The solution? After your architect has taken you to his favoured retailer – often the most expensive in town (what does he care? Anyway he is spending your money, and the larger your bill, the larger his kickback!) – and you have obtained a written quote, find a store with better prices (your kablan might help you with this) and insist that your architect accompanies you there. He cannot refuse. Of course there is nothing to stop him (as I recently discovered, fortunately in time) taking the owner to one side and demanding a percentage (10% in my case), and threatening that, if he doesn’t get it, he will instruct you not to buy there. Though, if you lay down the ground rules with the store owner from the outset – letting them know that you are wise to what goes on here, and that you are the one who should be receiving any available discount – you minimize the danger of getting ripped off.

Lawyers. From my experience, no more more trustworthy necessarily than agents. A Jerusalem ‘lawyer’ last week demanded “a few thousand shekels” from me for another lawyer, “with connections” (unspecified), to put straight a significant oversight in services for which I had already paid. The fact that said ‘lawyer’ unashamedly informed me that he “only takes cash” (and that he was recommended by an ex-Hasmo!) should, perhaps, have been sufficient warning (to quote the great Ivan Marks, “It is always the frum ones”). My Tel Aviv lawyer is now resolving the problem, gratis.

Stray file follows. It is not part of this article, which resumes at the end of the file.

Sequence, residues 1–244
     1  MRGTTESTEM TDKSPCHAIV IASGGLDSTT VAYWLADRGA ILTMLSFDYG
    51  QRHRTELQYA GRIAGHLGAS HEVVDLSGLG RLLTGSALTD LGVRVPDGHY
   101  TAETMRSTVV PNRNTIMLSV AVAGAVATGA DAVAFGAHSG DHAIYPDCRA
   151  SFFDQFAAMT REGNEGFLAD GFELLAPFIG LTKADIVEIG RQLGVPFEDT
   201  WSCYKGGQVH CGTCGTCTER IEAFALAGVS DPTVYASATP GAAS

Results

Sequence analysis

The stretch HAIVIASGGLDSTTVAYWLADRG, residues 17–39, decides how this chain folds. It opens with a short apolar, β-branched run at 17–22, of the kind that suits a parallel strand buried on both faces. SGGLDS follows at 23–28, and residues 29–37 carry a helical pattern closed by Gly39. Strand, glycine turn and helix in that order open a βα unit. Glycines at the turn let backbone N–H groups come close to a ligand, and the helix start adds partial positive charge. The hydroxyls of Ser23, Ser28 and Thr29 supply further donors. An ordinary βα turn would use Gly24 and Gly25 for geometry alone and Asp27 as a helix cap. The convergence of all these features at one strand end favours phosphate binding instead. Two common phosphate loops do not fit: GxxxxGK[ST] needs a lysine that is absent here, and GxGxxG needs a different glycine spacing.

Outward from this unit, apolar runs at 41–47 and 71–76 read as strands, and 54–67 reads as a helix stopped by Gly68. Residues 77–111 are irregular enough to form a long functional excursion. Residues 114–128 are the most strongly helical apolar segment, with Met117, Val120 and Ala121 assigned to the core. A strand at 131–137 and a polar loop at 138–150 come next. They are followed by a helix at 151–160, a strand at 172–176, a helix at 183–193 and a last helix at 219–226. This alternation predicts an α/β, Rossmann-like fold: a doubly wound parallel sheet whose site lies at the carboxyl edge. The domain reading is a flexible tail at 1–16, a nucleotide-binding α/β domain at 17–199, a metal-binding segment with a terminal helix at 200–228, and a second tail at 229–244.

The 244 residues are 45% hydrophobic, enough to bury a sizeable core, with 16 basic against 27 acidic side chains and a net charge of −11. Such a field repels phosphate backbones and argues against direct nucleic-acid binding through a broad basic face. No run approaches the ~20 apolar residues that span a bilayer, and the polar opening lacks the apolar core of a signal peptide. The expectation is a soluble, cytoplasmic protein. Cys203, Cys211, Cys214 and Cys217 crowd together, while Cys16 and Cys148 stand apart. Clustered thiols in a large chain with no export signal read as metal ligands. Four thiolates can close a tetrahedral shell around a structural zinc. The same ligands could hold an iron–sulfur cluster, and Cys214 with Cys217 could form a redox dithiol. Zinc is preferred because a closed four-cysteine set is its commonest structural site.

You should not have to pay a lawyer any more than 0.5% on a purchase or sale (though, again, for a pricey property – perhaps in the region of 3 million shekels plus – you may be able to get them down to 0.3% . . . especially if you make it known to them that you have other options!)

And an important rider to all of the above: even if you think that you have absorbed it all, or knew it already, bear in mind that there could always be some “combina” (“arrangement,” usually shady) that you are totally unaware of. Be wary of everyone in the world of Israeli real estate: most of them are “at it.” In fact, the more someone attempts to reassure you that he is not looking to profit at your expense – or, at least, any more than you have already contracted for him to – the more suspicious you should be!

Finally, do your homework, and don’t be shy to ask questions of several competitors in the same field: from my experience, being a nudnik (nuisance) is the only hope that you have of discovering what is really going on here.

And yes, this is all, of course, terribly disappointing for the oleh who moved here out of a sense of idealism. But the sooner you accept the reality of life in Israel, the sooner you will feel at home here (even if you never wish to become one of them!) Be’hatzlacha.